What would a world without the Avengers look like? That is the premise of Heroes Reborn, a weekly event from writer Jason Aaron and artist Ed McGuinness that started this week with an oversized, blockbuster issue.
The answer, at least for now, is…a lot like the DC Universe! In this new world, the Squadron Supreme of America—a pastiche of DC’s Justice League—protect the United States while regular Avengers like Thor and Iron Man either labor in anonymity or remain blind to their heroic destinies.
Aaron, whose Avengers run laid the groundwork for this new Squadron Supreme, drops the reader right into this new status quo with a healthy dose of exposition courtesy of Blade, the one character aware of the old Marvel Universe. Most reality-bending comics crossovers have characters that serve this role — Bishop in Age of Apocalypse and Layla Miller in House of M, to name just a few — but Blade is a particularly inspired choice. He exists as the reader’s entry point to this world, but he is no neutral observer and his tendency toward, well, making things bleed does not bode well for the masterminds behind this new universe.
From the start, is is clear that someone (or something?) commandeered this reality into existence and a key mystery will be figuring out who and why. As with most summer comics events, there is no expectation that this DC-inspired world is here to stay, making the plot a secondary concern to the world-building and action.
What makes this issue stay with you is the exciting new character designs — featuring mixed-up characters like “Doctor Juggernaut” and “Silver Witch” — and Aaron’s colorful dialogue, which takes the usual camp of superhero stories to another level. (If you can pull off having a character saying, “Your iron-faced fascism will never be stronger than the hunger for pure old-fashioned liberty,” you already have my respect.)
The other intriguing element of Heroes Reborn is its nods to Marvel history. Any comics fan growing up in the ’90s remembers the words “Heroes Reborn” as a prelude to the return of star creators like Rob Liefeld and Jim Lee, who Marvel invited to reboot books like Captain America, Iron Man, Fantastic Four, and Avengers.
The reboot was justified in-universe as an outgrowth of the “Onslaught” event, where the consciousness of Magneto and Professor X merged. This time around, more than just two characters are “merged.” There’s Doctor Doom and Juggernaut, Scarlet Witch and Quicksilver, plus characters in future issues based on Spider-Man and the X-Men.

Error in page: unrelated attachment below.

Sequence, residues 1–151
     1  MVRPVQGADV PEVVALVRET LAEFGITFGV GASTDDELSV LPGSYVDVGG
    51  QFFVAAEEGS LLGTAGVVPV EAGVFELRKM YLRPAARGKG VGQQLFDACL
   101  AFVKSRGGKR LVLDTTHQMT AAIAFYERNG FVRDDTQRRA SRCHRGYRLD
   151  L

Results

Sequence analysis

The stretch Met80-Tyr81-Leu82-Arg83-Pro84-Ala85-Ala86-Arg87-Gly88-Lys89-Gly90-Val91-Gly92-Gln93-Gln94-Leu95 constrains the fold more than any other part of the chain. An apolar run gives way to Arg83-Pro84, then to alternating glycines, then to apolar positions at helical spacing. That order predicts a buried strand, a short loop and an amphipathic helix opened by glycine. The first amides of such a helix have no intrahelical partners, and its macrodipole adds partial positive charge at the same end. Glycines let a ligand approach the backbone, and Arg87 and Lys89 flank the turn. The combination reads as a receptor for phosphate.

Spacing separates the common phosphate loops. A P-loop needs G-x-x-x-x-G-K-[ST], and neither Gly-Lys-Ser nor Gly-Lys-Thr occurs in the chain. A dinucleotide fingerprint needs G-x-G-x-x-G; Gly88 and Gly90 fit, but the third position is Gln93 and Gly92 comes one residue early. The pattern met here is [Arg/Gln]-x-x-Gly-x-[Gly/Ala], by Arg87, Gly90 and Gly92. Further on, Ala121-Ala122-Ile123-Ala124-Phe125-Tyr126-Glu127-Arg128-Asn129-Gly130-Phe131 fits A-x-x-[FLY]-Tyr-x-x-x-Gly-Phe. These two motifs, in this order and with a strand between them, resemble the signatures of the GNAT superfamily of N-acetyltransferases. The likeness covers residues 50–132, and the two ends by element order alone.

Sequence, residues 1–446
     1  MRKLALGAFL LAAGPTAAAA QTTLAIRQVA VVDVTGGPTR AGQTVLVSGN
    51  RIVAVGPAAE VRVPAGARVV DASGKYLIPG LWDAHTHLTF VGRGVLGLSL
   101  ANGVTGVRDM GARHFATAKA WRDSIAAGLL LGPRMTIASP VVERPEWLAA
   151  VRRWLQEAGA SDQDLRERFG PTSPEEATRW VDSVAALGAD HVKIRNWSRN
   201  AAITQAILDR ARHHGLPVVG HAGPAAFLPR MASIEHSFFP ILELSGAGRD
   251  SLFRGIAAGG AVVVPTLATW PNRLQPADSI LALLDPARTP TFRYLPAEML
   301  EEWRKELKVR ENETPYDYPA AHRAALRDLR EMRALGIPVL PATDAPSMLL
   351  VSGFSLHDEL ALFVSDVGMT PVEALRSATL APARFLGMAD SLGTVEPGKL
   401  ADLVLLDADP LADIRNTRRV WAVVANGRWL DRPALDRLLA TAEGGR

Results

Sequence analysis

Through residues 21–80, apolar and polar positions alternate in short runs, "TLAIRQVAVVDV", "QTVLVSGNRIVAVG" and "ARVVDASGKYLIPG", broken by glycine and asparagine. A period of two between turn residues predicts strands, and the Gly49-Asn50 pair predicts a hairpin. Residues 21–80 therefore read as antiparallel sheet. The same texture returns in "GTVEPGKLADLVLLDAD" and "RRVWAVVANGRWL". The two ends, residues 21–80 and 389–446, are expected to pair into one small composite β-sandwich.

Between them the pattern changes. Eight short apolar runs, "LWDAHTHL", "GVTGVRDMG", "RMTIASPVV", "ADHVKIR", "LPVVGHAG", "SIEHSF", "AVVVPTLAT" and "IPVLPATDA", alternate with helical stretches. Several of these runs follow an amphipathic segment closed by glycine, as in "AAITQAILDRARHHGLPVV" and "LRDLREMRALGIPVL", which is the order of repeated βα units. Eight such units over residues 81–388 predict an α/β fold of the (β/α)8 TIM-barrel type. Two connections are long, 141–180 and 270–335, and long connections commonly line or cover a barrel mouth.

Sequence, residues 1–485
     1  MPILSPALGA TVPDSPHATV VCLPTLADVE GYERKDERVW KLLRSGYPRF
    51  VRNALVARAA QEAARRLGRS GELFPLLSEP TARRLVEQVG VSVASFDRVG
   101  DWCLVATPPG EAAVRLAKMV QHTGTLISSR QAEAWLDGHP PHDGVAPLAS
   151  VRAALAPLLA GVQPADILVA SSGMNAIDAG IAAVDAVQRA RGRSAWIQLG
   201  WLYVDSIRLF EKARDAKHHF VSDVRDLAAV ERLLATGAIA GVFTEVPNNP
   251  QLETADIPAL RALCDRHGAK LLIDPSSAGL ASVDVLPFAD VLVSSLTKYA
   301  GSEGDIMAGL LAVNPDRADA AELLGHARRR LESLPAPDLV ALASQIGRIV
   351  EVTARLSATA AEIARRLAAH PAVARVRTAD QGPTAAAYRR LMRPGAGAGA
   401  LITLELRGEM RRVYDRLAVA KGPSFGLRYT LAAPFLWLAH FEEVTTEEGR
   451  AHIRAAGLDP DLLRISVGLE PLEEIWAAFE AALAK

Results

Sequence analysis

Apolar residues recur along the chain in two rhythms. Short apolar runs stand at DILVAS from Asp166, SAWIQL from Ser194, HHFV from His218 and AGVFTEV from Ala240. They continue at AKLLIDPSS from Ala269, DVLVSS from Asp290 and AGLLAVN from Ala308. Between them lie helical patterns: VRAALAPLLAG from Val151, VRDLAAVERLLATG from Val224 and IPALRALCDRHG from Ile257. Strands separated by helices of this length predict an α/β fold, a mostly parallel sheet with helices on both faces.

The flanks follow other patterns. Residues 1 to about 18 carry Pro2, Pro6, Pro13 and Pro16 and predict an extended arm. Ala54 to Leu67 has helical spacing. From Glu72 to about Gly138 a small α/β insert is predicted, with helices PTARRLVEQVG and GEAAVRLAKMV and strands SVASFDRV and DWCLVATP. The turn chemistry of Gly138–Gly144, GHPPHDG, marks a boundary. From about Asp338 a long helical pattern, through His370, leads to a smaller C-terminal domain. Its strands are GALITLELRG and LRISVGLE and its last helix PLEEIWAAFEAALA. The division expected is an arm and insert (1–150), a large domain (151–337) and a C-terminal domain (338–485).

Even if other parallels between the two events do not bear out, the use of the name itself is striking. Marvel revives event names (Secret Wars, Civil War, Clone Saga) all the time, but Heroes Reborn was far from a much-beloved event.
At the time, the publisher’s decision to outsource its premier titles to the studios of its former star employees reeked of desperation. It also marginalized the staff remaining at Marvel, who had weathered that decade’s speculator boom. “I don’t think it’s the death knell of Marvel, but as a person currently working for Marvel, I’m insulted that they had to go outside of the company to ‘save’ the company,” Tom Lyle, then the artist on Punisher, told Wizard magazine. “I don’t think it needs saving.”
The comics business has not exactly thrived in the decades since that industry crisis, but the market has weathered a once-in-a-lifetime pandemic and risen to a level of cultural prominence few comics geeks could ever have predicted. Heroes Reborn, an event referencing one of the more-derided parts of Marvel history, featuring characters drawn from Marvel’s chief competitor, isn’t just a fascinating stroke of marketing. It’s a flex.
Whether the comic proves to be anything memorable is anyone’s guess, but it sure looks to be fun. For seven more weeks, Aaron and a rotating creative team will drop a new issue of the main event alongside a slate of intriguing tie-in issues. High on my radar is writer Steve Orlando and artist Bernard Chang’s Heroes Reborn: Magneto & The Mutant Force #1, which includes new versions of Magneto, Emma Frost, Frenzy, Jubilee, and Rogue.
If you love geeking out about this stuff, the next two months of Heroes Reborn content will be right up your alley. By June 23, the day Marvel caps off this event with “Heroes Return,” I’m not sure what we will have learned from this venture. Could Hyperion and the Squadron Supreme be an interesting statement on nationalism and the commodification of heroes? Will Blade satisfy his hunger? Will DC strike back with its own faux-Avengers event?
I’d be happy to see more depth from this story and I am sure Aaron and his collaborators have bigger plans than just an action fest. But, look, the weather is getting nicer in the United States and it’s been a long year. An action fest doesn’t sound so bad.
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